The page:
By Dave Simanoff © 2004
At eight o’clock in the morning, the line at the Starbucks on South Howard Avenue stretches from the cash register to the door. I stood about 20 spots away from the front of the line, behind a short skinny woman who was gushing loudly about President Bush into her cell phone.
“Oh yeah, I totally agree with the President,” she said. “It should totally be in the constitution. Homosexual marriage is totally wrong. It would totally ruin the institution of marriage.”
I wondered how long she could continue interjecting the word “totally” into every sentence. I counted. She said the word thirty-six times before she got to the front of the line, hung up and placed her order: some impossibly complicated coffee drink with low-fat milk and caramel. It was finally my turn to order. I pulled up to the counter next to Totally Girl and asked for a large coffee. That caught Totally Girl’s attention.
“That’s all you’re getting?” she asked me, incredulous. I didn’t know if she seemed surprised that someone would just order plain coffee at Starbucks, or if she just didn’t know that Starbucks sold anything that didn’t end in the letters –atte or –iato.
“You totally stood in line for like an hour, and that’s all you’re
getting?” she asked.
I nodded. In fact, the line at Starbucks moved quickly, thanks to the assembly line efficiency of the staffers behind the hissing espresso machine.
“That totally seems like such a waste,” she said.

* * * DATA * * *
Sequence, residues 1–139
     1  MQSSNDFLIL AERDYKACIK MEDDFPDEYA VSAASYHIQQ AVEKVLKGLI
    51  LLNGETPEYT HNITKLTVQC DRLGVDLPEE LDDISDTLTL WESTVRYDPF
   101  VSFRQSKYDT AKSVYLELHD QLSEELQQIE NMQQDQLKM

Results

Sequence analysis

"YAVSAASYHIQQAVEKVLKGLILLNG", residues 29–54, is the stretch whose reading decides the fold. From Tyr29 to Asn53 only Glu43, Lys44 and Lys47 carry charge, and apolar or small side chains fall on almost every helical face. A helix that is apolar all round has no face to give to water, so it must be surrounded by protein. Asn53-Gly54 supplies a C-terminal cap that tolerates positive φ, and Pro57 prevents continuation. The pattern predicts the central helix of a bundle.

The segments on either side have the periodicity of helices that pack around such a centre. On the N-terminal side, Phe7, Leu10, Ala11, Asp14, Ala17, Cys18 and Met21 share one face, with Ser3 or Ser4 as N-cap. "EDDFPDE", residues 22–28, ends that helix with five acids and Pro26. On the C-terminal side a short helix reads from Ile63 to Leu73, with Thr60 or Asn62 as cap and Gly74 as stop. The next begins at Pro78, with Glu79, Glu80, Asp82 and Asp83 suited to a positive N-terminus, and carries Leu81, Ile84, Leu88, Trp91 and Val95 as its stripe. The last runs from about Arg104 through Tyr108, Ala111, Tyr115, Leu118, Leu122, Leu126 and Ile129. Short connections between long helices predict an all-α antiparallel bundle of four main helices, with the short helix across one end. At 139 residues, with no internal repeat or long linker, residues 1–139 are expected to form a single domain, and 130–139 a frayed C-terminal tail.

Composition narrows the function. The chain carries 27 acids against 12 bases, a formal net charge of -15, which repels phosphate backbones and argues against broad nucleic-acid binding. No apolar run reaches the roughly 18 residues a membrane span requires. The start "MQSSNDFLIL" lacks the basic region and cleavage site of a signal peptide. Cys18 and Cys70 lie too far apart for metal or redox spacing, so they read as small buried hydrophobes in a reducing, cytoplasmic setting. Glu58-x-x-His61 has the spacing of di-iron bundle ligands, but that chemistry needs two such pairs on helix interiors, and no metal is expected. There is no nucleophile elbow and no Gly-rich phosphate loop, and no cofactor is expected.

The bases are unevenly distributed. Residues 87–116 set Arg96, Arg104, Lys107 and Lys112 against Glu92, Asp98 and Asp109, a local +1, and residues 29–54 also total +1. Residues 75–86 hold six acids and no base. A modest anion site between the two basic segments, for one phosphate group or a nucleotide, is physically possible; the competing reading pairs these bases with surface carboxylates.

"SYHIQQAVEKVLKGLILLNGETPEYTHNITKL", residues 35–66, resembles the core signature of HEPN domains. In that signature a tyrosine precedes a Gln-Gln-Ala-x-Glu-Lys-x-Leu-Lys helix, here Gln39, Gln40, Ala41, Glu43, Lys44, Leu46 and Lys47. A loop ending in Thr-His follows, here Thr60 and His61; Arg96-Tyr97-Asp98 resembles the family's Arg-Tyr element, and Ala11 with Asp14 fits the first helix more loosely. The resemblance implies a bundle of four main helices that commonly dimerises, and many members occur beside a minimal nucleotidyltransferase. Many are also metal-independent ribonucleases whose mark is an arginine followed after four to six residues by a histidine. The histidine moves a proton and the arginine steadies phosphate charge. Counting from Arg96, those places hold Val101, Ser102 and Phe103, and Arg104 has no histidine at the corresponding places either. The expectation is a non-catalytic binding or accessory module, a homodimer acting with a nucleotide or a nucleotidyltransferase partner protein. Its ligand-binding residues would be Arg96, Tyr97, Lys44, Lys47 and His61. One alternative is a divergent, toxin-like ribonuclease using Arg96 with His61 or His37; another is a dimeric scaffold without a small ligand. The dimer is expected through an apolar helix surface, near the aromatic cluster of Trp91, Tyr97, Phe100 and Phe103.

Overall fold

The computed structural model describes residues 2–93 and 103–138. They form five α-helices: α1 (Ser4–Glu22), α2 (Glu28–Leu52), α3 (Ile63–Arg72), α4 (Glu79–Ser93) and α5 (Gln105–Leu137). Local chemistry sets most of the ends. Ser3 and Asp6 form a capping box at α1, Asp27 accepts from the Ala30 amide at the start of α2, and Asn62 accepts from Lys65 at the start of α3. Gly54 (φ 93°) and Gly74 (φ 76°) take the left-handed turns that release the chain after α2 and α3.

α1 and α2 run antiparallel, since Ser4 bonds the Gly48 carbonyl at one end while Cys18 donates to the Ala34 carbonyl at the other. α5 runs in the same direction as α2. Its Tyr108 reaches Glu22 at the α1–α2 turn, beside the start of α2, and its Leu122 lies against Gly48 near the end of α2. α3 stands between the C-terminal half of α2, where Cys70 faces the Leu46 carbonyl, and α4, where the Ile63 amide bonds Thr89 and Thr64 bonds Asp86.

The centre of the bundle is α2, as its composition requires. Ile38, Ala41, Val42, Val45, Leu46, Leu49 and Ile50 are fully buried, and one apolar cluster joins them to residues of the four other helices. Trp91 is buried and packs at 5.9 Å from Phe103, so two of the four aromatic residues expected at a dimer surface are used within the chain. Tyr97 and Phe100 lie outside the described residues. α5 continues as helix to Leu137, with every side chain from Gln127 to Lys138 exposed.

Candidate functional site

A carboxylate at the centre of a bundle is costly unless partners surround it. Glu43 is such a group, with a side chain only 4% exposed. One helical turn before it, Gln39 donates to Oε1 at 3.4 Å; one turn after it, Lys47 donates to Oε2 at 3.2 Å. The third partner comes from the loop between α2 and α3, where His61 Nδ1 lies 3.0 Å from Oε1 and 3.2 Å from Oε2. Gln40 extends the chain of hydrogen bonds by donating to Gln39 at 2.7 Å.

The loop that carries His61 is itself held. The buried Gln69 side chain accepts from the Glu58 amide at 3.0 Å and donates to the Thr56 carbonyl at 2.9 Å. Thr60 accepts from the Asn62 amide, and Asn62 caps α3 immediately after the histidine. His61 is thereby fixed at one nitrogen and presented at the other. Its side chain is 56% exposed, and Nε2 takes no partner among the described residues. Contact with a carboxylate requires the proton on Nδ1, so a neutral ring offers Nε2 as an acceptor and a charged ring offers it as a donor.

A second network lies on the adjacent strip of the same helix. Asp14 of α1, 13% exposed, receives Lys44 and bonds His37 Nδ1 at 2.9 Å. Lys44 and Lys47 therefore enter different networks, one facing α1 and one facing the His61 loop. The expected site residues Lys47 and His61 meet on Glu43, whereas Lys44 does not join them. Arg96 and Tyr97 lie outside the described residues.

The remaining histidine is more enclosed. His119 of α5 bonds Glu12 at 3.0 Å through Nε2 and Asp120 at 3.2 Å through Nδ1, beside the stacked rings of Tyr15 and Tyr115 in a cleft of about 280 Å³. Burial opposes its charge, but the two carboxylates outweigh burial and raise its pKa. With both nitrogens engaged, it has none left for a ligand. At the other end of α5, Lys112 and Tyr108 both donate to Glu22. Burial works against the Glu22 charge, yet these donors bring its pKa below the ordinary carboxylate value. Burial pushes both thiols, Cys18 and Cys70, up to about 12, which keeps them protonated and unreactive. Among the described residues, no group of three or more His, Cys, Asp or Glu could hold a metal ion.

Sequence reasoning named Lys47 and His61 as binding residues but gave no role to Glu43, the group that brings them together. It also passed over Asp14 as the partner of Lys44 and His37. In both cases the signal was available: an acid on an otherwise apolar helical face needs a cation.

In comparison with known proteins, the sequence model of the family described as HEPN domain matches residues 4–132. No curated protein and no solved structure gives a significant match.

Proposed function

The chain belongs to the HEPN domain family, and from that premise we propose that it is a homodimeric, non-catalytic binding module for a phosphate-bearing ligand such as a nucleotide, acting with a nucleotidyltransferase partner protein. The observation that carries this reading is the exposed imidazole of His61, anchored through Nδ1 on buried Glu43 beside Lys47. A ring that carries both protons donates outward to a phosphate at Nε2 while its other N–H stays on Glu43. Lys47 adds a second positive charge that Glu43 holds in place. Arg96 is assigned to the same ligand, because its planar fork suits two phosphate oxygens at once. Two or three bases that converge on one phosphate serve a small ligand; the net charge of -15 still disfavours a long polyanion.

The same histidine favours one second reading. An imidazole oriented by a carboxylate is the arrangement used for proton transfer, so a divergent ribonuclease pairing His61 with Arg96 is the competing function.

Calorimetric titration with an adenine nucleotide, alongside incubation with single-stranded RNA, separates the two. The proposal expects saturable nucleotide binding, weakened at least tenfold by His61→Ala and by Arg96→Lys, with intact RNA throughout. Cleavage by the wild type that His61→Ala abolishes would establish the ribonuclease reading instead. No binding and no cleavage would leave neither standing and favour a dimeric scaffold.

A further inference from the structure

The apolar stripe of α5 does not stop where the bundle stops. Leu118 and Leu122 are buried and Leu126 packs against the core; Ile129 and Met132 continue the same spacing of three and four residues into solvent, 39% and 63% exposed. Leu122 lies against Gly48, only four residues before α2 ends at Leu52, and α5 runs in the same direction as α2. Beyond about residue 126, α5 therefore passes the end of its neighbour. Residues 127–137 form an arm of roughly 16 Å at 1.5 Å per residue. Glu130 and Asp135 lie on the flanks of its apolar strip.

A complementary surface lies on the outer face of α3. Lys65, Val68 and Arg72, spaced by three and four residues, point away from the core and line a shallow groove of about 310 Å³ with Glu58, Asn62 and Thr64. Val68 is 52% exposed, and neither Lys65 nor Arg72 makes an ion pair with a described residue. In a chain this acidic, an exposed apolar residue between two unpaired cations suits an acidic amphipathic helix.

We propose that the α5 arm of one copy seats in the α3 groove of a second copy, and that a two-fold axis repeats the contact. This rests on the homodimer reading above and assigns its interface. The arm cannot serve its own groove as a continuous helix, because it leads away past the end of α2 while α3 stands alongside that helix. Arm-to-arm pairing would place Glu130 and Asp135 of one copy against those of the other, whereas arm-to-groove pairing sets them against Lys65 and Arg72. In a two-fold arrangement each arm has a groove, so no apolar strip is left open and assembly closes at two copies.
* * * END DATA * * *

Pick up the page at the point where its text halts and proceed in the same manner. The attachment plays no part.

I paused for a fraction of a second, wondering if I should say anything at all. Then I responded. “Perhaps there should be a constitutional amendment banning people from buying coffee in Starbucks.”
Her face went blank momentarily. Then she focused again as her expression clicked over from confusion to comprehension.
“You were totally listening to my conversation,” she said. “That’s so totally rude.”
“You were so totally loud,” I said, drawing out “totally” into three separate words: “toe,” “tall,” “lee.”
I continued: “I mean, if you’re going to yell into your cell phone like it’s a bullhorn, don’t get surprised when everyone else in line can hear you. People at other Starbucks can hear you. People at the original Starbucks, in Seattle, can hear you.”
Totally Girl opened her mouth, indignant, and started to talk. I cut her off.
“Deaf people can hear you. Dead people can hear you,” I said. Then, very slowly, from emphasis: “Gay people can hear you. And they think you’re a fucking idiot.”
I looked around. Everyone in Starbucks was staring at us. In the back of the room, one person began clapping. Then another. Then the guy behind me in line turned to Totally Girl and said: “He’s right, you know. You’re loud and you’re stupid. That’s always a bad combination.”
Totally Girl was shocked. She huffed, tucked her head into her chest, and stormed out of Starbucks without looking at anyone. The woman behind the counter handed over my coffee. She smiled at me.
“This,” she said. “is on the house.”
Dave Simanoff is a writer from Tampa, Florida. This is an excerpt from his NaNoWriMo novel Good Boy.